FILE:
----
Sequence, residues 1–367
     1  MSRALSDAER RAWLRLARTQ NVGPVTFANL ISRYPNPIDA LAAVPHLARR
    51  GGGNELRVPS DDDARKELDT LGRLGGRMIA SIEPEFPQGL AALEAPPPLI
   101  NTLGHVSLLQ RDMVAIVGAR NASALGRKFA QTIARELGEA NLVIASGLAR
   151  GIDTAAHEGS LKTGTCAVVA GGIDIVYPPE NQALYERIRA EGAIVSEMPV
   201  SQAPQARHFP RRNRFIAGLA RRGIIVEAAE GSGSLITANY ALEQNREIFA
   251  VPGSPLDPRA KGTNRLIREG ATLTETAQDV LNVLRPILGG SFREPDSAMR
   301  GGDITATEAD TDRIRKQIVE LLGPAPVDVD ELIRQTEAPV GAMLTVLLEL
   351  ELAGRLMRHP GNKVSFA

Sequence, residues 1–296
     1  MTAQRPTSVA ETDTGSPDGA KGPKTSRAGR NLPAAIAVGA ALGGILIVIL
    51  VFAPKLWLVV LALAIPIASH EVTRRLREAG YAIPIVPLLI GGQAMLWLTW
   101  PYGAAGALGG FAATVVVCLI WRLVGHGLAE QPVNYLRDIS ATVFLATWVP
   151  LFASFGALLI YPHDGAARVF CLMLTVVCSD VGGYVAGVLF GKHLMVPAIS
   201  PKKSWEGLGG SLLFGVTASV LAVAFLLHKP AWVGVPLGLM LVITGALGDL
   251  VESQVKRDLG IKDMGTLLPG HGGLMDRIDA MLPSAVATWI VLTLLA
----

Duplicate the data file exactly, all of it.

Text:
Sequence, residues 1–367
     1  MSRALSDAER RAWLRLARTQ NVGPVTFANL ISRYPNPIDA LAAVPHLARR
    51  GGGNELRVPS DDDARKELDT LGRLGGRMIA SIEPEFPQGL AALEAPPPLI
   101  NTLGHVSLLQ RDMVAIVGAR NASALGRKFA QTIARELGEA NLVIASGLAR
   151  GIDTAAHEGS LKTGTCAVVA GGIDIVYPPE NQALYERIRA EGAIVSEMPV
   201  SQAPQARHFP RRNRFIAGLA RRGIIVEAAE GSGSLITANY ALEQNREIFA
   251  VPGSPLDPRA KGTNRLIREG ATLTETAQDV LNVLRPILGG SFREPDSAMR
   301  GGDITATEAD TDRIRKQIVE LLGPAPVDVD ELIRQTEAPV GAMLTVLLEL
   351  ELAGRLMRHP GNKVSFA

Sequence, residues 1–296
     1  MTAQRPTSVA ETDTGSPDGA KGPKTSRAGR NLPAAIAVGA ALGGILIVIL
    51  VFAPKLWLVV LALAIPIASH EVTRRLREAG YAIPIVPLLI GGQAMLWLTW
   101  PYGAAGALGG FAATVVVCLI WRLVGHGLAE QPVNYLRDIS ATVFLATWVP
   151  LFASFGALLI YPHDGAARVF CLMLTVVCSD VGGYVAGVLF GKHLMVPAIS
   201  PKKSWEGLGG SLLFGVTASV LAVAFLLHKP AWVGVPLGLM LVITGALGDL
   251  VESQVKRDLG IKDMGTLLPG HGGLMDRIDA MLPSAVATWI VLTLLA